Bernie McHugh and his bird-counting companions took to the dike along the Snake River north of Emily’s Pond in 2011 and found themselves looking for wildlife in conditions he remembers as “bloody cold, snowing like hell.”
It wasn’t the kind of day that convinces people that bird-watching is the hobby for them.
“In three hours at 5 above we saw three species, 11 birds,” he said during December’s counting expedition. “The birds were like, ‘No way, forget it.’”
On Dec. 16 the annual Christmas Bird Count done by members of the Jackson Hole Bird and Nature Club and other wild bird aficionados found conditions much better: overcast but with temperatures in the 20s. And, it turned out, with the late-arriving winter there were plenty of winged creatures still in the area going about their bird business.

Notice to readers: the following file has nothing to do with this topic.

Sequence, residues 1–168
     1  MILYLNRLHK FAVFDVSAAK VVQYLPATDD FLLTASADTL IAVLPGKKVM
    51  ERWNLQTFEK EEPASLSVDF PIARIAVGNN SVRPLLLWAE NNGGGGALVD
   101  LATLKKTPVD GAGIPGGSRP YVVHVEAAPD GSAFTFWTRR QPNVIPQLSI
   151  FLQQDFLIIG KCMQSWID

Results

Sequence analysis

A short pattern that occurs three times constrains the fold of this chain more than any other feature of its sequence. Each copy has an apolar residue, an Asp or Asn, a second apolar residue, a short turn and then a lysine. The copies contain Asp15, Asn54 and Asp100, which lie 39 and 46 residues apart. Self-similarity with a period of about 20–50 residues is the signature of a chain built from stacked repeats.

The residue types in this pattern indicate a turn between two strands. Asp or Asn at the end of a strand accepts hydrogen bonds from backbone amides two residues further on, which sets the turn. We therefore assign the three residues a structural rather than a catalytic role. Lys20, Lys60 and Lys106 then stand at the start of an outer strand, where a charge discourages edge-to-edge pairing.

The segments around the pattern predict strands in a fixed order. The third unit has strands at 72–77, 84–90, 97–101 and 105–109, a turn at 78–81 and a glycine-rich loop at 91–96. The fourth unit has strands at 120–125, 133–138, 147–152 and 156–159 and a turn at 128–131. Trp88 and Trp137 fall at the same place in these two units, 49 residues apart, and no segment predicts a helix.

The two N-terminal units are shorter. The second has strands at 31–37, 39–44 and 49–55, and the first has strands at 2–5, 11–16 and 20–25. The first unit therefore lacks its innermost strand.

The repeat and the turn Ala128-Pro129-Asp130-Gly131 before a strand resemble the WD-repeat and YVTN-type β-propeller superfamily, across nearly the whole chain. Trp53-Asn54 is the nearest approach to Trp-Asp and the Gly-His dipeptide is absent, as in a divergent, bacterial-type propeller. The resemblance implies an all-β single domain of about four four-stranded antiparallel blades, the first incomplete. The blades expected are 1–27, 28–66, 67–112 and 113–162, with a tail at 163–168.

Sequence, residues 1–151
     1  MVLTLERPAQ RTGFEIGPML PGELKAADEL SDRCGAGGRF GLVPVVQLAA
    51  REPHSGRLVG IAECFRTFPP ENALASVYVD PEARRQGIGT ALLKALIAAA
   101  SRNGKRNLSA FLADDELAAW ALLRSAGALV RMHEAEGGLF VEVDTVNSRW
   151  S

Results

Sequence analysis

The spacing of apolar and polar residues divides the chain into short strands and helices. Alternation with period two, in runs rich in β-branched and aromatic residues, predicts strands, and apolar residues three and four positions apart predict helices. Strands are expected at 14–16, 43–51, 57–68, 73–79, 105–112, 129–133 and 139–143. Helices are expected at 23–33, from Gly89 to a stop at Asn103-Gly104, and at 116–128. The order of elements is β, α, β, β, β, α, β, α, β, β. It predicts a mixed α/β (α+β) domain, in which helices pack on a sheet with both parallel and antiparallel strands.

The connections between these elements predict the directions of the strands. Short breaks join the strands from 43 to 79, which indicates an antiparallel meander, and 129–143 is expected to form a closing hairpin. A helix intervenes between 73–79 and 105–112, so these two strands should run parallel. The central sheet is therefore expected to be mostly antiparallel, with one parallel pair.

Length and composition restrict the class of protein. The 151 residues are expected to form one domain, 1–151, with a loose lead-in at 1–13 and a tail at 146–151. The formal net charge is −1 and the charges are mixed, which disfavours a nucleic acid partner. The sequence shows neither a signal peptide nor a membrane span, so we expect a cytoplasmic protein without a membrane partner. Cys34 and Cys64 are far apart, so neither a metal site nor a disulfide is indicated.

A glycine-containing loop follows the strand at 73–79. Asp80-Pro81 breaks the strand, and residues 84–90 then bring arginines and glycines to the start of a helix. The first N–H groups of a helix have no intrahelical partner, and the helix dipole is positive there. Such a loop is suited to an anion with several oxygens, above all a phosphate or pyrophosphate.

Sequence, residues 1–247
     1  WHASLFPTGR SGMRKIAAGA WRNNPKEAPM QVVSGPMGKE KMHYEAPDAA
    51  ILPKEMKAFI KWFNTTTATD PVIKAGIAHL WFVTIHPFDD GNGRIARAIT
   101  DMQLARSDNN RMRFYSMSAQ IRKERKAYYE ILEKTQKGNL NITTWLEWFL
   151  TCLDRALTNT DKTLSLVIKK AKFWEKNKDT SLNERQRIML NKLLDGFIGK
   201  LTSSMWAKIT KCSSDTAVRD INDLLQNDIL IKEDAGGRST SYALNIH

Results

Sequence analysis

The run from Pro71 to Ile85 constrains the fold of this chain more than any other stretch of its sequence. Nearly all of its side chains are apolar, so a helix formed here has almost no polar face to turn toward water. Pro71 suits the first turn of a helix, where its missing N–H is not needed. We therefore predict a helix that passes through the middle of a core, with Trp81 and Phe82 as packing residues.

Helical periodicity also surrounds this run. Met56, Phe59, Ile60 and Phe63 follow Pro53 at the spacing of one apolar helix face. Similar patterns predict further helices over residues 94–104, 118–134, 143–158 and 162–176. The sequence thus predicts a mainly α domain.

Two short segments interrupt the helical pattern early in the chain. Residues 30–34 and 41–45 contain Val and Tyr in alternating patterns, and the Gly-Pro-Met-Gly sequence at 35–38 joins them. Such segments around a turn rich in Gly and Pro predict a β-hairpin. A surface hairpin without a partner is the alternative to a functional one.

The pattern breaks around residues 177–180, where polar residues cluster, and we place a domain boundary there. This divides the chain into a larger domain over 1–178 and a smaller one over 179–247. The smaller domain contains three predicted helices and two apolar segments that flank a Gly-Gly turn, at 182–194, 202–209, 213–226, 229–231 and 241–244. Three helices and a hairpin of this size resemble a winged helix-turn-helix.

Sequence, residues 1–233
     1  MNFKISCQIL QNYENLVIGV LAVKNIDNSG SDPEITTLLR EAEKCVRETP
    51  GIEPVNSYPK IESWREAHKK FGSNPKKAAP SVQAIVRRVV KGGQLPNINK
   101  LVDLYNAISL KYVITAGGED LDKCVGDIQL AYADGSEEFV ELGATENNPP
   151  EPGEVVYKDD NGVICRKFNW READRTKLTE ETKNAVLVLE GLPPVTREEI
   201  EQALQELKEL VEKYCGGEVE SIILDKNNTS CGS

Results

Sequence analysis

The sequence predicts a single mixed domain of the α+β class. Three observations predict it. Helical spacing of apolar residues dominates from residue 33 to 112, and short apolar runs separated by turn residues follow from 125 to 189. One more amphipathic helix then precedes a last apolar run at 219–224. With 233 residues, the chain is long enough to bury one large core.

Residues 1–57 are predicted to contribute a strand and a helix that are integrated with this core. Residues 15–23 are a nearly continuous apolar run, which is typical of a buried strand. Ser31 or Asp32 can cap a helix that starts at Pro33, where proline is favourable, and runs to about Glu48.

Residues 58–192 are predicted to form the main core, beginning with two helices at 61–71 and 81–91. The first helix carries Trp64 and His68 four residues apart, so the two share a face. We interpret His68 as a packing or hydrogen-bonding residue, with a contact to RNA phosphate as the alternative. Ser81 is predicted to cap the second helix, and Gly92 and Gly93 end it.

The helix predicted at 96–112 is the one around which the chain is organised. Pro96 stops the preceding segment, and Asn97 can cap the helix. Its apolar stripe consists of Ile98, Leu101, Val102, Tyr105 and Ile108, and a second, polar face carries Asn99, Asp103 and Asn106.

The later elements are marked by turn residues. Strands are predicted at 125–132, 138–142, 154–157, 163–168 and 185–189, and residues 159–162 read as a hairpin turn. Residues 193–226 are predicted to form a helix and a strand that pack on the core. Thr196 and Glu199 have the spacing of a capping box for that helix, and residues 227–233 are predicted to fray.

Tim Griffith was out for his third Jackson count, but this was his 53rd overall after an early beginning inspired by his grandmother.
“She was the one who got me started when I was 10 years old,” he said.
Griffith later owned a franchise of Wild Birds Unlimited, a birding business, in south Indiana. When McHugh told Griffith that he had dreamed the night before of a chestnut mandible toucan, Griffith said, “Call me if you see that bird today.”
Also on hand was Tricia O’Connor, the supervisor of the Bridger-Teton National Forest, and her husband, Keith Rush, a former forester for the Nature Conservancy. They had in tow a neighbour kid, 12-year-old Reed Ibarguen, who got his own early start in North Carolina before moving to Jackson.
“We just had a lot of birds in my hometown,” he said. “I got into it.”